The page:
- Inefficiency–Distribution of emergency food duplicates the food delivery system already in place. Often as emergency food distribution agencies increase, inner cities experience a decline in the availability of markets and grocery stores. Additionally, emergency food may seem efficient, but these agencies do not count as an expense anything that is donated, including food, equipment, storage buildings, and labor from volunteers.
- Indignity–Distributing emergency food through food banks, pantries and soup kitchens forces those receiving assistance to be segregated from the rest of society. They must go to a place different from where the rest of society gets their food.
As I thought about these “7 deadly ‘ins'” as they related to my volunteering experience I realized I had witnessed every single one. I believe both food pantries in which I volunteer do the very best they can with what they have to offer. Without them, the clients would be in a much worse situation; however, I believe the increased reliance on emergency food to assist these clients is an inadequate solution to the problem they face.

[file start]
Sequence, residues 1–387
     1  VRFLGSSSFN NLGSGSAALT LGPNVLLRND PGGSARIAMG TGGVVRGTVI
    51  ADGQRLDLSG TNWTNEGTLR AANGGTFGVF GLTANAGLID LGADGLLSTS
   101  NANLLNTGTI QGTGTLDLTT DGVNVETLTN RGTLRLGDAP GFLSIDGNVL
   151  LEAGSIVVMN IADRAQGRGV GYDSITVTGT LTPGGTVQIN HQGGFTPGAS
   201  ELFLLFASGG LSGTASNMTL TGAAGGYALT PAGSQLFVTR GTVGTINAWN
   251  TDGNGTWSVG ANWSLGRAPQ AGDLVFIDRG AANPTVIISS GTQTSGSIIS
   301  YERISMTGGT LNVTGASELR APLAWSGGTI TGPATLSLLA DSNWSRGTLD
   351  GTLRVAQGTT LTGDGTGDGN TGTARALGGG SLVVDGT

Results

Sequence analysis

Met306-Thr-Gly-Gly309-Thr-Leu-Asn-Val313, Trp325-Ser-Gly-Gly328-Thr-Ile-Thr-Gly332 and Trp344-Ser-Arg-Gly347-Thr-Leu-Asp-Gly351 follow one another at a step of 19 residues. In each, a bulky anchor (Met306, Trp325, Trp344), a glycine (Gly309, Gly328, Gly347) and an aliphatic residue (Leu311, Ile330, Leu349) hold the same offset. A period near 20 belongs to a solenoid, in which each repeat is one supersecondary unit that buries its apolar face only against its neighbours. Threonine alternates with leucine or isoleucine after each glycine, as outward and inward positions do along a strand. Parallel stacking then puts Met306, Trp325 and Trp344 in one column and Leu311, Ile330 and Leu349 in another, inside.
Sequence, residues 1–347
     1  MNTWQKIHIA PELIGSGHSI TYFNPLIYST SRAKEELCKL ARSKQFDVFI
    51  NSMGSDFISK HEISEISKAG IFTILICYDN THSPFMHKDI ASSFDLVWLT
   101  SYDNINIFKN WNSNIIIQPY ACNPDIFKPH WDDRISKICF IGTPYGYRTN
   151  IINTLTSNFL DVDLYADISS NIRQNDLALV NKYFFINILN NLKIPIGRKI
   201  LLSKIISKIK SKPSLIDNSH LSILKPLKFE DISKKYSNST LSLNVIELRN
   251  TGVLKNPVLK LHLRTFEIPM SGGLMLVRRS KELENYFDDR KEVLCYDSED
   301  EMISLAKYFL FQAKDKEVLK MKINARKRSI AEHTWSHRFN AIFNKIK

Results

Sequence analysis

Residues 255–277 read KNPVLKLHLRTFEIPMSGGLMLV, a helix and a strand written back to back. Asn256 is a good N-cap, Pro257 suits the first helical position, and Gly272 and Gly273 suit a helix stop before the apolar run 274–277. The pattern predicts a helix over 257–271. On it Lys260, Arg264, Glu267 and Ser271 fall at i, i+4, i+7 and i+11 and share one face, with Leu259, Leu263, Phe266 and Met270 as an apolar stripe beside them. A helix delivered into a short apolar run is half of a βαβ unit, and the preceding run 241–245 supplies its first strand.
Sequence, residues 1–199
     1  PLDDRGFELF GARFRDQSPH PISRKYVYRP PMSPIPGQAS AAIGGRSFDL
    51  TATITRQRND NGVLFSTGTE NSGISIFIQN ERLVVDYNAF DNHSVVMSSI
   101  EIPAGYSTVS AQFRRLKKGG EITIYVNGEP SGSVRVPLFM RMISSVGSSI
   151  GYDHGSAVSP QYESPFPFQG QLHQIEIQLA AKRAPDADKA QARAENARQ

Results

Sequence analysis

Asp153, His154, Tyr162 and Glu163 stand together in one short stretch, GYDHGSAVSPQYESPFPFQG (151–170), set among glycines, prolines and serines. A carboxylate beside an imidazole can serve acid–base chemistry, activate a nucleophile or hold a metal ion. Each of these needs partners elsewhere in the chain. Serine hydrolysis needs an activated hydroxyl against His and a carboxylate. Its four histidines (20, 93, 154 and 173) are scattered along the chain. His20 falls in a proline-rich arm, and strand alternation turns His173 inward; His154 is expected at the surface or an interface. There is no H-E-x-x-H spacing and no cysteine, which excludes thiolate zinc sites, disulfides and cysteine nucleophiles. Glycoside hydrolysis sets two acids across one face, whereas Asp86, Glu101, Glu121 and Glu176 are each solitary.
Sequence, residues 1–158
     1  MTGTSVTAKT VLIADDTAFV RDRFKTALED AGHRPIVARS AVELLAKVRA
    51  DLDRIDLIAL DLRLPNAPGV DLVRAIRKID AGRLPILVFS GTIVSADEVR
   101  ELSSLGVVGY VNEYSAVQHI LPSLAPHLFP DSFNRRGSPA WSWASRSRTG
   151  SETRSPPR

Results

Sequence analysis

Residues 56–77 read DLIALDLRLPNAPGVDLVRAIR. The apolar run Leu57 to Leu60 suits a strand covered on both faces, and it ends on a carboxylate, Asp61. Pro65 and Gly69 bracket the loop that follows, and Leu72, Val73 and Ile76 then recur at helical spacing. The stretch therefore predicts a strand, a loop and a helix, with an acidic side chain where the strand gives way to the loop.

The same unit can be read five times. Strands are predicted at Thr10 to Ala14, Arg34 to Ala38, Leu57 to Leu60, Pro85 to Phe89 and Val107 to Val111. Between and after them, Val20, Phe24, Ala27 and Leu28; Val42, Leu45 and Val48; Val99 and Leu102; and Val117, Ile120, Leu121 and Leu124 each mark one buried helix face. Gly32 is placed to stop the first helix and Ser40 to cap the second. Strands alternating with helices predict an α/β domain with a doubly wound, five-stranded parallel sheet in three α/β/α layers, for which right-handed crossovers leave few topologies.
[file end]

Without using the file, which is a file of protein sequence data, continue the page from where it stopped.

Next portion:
In spite of the shortfalls of emergency food, Poppendieck also addresses its success, and more importantly, the price of its success. The 1980s, when cuts were made in funding public assistance programs, saw a dramatic rise in emergency food providers, an increase that has continued until today. As these agencies proliferated, they became extremely successful at operating, stretching whatever they got, making it work. They highlight these successes when they fundraise or ask for donations to assure donors their donations won’t be squandered. In turn government can rationalize further cuts in public assistance because emergency food providers are so competent in handling the situation. Emergency food provision as enabler for further governmental reduction in public assistance is a new and troubling concept for me.
At the very end of her book, Janet Poppendieck asks what emergency food providers are to do. She outlines a couple of options, but the one that resonated the most with me was to organize and educate, especially the educate part. I believe we need to talk about hunger within the broader context of poverty and inequality. While continuing to provide the best assistance that can be provided, emergency food providers need to be honest with the public, that at best, they are a Band-Aid to the problem of hunger and only through addressing the larger societal issues of poverty and inequality can the numbers of people experiencing food insecurity be diminished.
One last point I would like to make is that at no time does Janet Poppendieck disparage emergency food providers or the assistance they provide. She acknowledges their monumental effort and that without their services the hungry of the United State would be in much worse circumstances.